- Financial conflict of interest training every four years for all investigators, for all new investigators, or each time the MBKU COI policy is updated (training accessible at: http://grants.nih.gov/grants/policy/coi/tutorial2011/fcoi.htm).
- Posting of identified investigator conflicts on the MBKU website (under research) or by a written response to any requestor within five business days of a request.
As with all other conflicts of interest, disclosures pertaining to research are required at least annually or more frequently, if new reportable information is obtained during the period of an award.
Collaborators/sub-recipients/subcontractors from other institutions involved in externally sponsored research of the university must either comply with this policy or provide a certification from their institutions that they are in compliance with Federal policies (i.e. National Institute of Health, Department of Health and Human Services, Internal Revenue Service) regarding disclosure of conflicts of interests and that their portion of the project is in compliance with their institutional policies.
University-wide reporting requirements: in the event that a member of the Board of Trustees/faculty/administrator/staff has a financial, personal or professional interest that could potentially create a conflict of interest or the perception of one in any transaction involving the university or being considered by the Board of Trustees (including committees of the board) or university administrator, faculty, staff (including committees of the university) shall take the following actions:
Annual and Timely (Advance) Disclosure
The primary responsibility for avoiding conflicts of interest rests with the individual employee, board member or volunteer. This responsibility is addressed, initially, by full disclosure of a possible conflict to the appropriate person or committee. In addition, faculty members engaged in sponsored research bear the additional obligation of written disclosure of significant financial interests as research findings are published or distributed. These often overlapping obligations are fulfilled using a single form, the Annual Disclosure Short Form or Annual Disclosure Long Form (available on the intranet), which will be submitted each spring to the appropriate person or committee. The individual will complete only one form depending on the circumstances – short form if there are no potential conflicts to disclose or long form if there are potential conflicts. Furthermore, whenever financial interests or external activities change, the employee should inform the appropriate person or committee in writing. Whenever possible, individuals should attempt to disclose expected changes or newly anticipated conflicts before they occur.
The individual who has a possible conflict of interest or an appearance of conflict with the university interest will be required to refrain from participation in any university business that could be considered relative to that conflict.
The appropriate individual or committee will review each individual’s Annual Disclosure Form to determine whether a conflict of interest appears to exist. When an employee reports updated disclosures these will be reviewed promptly (within 10 working days). When the individual is a member of the Board of Trustees, the executive committee will review. When the disclosing individual is a faculty member the VP or dean will initially review. If a potential conflict of interest is disclosed, the initial reviewer will recommend the appropriate action and bring forward to the president. The initial reviewer and the president will take one of the following actions:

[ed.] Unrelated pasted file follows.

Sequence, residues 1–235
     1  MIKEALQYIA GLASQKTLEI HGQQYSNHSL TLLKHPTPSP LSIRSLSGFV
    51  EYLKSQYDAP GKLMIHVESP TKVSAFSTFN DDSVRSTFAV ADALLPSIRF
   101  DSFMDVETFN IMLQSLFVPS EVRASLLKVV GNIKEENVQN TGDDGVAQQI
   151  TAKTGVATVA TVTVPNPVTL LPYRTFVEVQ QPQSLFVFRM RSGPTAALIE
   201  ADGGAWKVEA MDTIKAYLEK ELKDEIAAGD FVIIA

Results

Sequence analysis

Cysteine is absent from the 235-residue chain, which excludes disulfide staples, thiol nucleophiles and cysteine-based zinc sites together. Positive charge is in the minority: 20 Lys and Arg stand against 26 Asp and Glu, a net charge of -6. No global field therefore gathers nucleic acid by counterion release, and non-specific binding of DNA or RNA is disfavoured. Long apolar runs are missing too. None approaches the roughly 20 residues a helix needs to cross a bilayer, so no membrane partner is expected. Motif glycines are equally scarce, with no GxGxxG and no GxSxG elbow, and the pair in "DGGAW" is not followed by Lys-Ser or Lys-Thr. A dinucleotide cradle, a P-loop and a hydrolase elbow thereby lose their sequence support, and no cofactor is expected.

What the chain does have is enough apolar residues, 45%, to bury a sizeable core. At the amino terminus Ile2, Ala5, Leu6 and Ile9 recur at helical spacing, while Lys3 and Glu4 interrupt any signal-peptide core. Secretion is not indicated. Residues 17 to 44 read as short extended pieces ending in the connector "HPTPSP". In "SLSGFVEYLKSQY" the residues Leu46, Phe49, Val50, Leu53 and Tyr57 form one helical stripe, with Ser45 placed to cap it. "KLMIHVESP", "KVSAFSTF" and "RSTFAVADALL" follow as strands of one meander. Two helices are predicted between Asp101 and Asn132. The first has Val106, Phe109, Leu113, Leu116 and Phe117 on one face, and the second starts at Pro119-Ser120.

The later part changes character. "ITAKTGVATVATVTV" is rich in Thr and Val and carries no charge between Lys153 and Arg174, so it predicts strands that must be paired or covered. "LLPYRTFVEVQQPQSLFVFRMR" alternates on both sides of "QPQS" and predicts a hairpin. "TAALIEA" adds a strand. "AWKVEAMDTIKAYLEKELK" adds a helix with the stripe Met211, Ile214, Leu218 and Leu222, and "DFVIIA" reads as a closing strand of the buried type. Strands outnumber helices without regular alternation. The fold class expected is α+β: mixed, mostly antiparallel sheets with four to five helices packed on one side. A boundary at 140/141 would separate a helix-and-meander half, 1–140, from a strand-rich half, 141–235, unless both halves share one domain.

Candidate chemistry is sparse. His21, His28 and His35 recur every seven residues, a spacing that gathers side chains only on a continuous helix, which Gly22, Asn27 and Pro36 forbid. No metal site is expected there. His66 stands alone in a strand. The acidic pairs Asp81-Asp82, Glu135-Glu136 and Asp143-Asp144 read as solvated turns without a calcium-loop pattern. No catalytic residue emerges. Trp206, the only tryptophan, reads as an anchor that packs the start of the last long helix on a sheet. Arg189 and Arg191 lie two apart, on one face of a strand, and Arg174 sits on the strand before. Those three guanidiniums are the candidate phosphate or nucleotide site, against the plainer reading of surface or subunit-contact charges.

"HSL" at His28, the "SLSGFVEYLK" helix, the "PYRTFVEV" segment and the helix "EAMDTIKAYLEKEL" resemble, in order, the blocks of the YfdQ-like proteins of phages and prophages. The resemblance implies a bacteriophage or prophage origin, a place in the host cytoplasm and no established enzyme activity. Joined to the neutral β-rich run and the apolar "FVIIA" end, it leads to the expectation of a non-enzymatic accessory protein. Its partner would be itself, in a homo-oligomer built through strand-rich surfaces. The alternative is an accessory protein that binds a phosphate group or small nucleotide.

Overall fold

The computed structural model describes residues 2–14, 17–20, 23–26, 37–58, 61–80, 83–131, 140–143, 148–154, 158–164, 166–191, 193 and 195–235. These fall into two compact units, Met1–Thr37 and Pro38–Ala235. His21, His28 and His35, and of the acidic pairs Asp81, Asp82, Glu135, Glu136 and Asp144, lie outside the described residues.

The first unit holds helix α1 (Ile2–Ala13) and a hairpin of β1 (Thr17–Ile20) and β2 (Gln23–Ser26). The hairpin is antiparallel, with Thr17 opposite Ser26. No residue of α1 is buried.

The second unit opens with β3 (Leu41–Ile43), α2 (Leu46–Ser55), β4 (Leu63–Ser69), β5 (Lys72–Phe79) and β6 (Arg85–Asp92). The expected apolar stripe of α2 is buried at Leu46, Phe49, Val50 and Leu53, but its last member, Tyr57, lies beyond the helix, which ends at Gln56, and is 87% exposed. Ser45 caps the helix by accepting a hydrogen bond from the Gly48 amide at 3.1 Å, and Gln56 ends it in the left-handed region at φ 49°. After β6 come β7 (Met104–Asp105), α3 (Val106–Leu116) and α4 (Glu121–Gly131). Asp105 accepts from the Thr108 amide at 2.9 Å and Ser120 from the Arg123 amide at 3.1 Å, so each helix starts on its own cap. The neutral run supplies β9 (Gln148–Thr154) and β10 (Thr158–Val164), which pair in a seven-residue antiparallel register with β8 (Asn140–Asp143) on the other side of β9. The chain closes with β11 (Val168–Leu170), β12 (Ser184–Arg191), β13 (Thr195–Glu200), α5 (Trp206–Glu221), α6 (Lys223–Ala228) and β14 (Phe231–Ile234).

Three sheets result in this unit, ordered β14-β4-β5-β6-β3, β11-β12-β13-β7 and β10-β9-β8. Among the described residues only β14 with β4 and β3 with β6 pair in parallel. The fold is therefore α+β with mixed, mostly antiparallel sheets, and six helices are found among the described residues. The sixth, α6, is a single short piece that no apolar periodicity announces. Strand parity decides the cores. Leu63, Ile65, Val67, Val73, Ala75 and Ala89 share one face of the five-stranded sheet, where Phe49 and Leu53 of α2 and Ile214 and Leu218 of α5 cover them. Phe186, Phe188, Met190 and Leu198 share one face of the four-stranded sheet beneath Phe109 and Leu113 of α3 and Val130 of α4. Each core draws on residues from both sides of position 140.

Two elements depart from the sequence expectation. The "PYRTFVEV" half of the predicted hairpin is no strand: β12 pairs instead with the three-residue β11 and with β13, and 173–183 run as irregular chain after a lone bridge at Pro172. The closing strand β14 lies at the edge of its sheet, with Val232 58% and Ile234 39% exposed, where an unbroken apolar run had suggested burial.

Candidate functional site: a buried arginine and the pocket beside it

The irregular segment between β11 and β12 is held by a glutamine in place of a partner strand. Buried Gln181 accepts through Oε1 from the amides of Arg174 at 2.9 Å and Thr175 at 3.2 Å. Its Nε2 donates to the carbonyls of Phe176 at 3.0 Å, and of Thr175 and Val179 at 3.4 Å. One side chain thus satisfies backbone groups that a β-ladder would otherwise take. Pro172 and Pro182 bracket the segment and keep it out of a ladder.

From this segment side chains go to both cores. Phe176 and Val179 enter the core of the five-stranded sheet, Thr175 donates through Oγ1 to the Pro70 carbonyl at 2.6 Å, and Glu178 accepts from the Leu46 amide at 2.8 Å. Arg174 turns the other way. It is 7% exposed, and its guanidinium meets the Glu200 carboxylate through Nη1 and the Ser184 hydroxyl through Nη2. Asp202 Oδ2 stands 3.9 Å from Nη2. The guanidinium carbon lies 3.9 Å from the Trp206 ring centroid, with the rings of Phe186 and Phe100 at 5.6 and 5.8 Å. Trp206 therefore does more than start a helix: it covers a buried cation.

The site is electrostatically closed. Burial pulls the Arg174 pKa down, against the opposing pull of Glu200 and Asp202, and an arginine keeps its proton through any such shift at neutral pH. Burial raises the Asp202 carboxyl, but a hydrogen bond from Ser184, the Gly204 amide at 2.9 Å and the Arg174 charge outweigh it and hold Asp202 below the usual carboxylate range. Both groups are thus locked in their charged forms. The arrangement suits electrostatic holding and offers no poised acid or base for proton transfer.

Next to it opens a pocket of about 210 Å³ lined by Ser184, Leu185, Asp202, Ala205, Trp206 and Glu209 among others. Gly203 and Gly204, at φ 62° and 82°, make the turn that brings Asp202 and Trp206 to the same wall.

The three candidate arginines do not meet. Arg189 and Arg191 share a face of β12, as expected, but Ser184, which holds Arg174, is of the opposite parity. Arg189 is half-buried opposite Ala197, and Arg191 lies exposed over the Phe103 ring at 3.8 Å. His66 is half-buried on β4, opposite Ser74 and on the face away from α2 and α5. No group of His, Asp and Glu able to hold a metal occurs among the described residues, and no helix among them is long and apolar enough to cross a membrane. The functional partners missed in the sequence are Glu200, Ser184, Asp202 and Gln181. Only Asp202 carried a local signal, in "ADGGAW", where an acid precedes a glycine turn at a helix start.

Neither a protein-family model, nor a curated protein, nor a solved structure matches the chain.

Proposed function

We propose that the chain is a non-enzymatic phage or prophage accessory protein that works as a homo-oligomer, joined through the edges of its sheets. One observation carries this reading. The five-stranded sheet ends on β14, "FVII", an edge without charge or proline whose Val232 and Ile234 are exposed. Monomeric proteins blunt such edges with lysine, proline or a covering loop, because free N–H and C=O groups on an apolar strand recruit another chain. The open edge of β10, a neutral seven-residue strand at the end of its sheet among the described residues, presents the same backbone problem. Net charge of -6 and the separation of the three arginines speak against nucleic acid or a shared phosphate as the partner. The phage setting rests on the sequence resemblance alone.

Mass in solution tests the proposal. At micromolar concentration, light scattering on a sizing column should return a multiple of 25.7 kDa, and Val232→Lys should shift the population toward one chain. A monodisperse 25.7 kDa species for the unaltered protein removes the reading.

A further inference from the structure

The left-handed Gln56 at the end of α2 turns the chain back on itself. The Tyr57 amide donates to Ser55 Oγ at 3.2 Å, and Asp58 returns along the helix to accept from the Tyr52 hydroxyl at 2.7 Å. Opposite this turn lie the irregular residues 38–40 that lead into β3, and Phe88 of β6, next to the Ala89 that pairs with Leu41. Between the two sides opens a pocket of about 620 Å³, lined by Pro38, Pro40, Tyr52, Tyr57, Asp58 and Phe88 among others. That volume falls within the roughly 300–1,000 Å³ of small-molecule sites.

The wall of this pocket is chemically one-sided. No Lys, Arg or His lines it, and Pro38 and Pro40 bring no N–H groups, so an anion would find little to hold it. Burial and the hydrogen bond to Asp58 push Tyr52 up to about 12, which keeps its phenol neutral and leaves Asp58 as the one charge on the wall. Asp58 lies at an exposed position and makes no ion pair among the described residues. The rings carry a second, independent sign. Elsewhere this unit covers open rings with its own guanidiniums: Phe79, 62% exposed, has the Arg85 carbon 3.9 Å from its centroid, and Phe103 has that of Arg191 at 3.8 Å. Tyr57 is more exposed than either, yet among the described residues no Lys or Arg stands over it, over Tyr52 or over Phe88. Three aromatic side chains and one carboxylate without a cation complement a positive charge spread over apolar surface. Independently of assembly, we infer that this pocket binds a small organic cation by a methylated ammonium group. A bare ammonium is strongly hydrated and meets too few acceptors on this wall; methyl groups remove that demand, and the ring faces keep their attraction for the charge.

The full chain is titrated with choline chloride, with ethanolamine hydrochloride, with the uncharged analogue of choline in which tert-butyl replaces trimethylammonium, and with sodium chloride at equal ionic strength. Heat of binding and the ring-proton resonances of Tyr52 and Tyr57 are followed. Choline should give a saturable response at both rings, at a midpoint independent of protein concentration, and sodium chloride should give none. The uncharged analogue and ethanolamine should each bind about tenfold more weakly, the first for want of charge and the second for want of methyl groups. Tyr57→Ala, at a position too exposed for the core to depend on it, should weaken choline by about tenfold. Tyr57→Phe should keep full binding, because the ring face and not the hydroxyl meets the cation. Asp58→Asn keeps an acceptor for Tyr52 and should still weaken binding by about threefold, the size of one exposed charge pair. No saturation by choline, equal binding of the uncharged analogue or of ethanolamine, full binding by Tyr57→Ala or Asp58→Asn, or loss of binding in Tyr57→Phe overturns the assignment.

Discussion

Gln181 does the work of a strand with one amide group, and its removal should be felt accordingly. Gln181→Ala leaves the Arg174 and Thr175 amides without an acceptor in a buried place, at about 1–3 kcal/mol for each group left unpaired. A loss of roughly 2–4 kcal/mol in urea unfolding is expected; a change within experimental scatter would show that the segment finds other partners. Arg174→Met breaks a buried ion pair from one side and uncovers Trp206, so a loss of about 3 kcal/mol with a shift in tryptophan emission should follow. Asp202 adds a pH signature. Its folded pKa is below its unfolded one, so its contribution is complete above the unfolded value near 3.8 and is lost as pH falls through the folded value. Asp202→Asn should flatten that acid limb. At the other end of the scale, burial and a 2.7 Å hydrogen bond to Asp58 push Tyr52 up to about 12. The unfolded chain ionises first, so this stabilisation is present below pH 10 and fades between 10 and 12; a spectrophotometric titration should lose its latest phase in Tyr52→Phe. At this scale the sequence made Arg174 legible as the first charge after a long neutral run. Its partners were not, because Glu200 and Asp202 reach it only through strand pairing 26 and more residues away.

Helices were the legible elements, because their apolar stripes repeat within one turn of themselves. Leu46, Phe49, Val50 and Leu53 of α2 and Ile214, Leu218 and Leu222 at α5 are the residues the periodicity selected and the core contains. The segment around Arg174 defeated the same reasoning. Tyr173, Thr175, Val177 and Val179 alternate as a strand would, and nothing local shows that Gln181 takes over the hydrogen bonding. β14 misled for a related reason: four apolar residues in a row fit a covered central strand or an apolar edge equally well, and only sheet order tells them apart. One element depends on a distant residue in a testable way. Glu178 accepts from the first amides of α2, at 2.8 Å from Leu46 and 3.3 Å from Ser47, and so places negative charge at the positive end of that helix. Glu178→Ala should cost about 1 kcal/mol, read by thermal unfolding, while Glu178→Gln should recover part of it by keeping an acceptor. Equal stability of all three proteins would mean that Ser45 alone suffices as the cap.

- Deem the issue not a conflict;
- Accept the conflict as presented provided certain conditions or restrictions are imposed so that the conflict will be managed, reduced or eliminated.
Each conflict of interest disclosure will be reviewed in confidence to determine whether an apparent or actual conflict of interest exists. If so, the initial reviewer and president will recommend by what means the conflict can be avoided or managed. Actions may include disclosure, modification of the activity, monitoring-oversight of the activity or discontinuance of the activity. The initial reviewer will communicate the recommendations in writing to the individual in a timely manner (usually within 20 working days) after all requested information has been received.
Examples of possible conditions or restrictions are:
- Monitoring of activity or research by internal, independent reviewers.
- Public disclosure of significant financial interests – at lectures or in articles.
- Discontinuance or disqualification from participation in the portion of the areas of conflict of interest or sponsored funded research that would be affected by the significant financial interest.
- Divestiture of significant financial interest.
- Sever relationships that create actual or potential conflicts.
Appeals and Non-Compliance
An individual may appeal a university decision to the president who will review. The findings and recommendations of the president will be the final decision.
In the event of non-compliance, the university holds the right to take the appropriate action, which may include, but is not limited to:
- Formal verbal warning.
- Written warning.
- Restrictions in university committee involvement, ineligibility for external grants, IRB approval or supervision of intern/students.
- Non-renewal of appointment.
The purpose of the MBKU Conflict of Interest Policy is to establish a thorough, fair, transparent and compliant set of practices at the university. This policy is also in compliance with the 2008 IRS 990 - Disclosure of Conflict of interest requirement.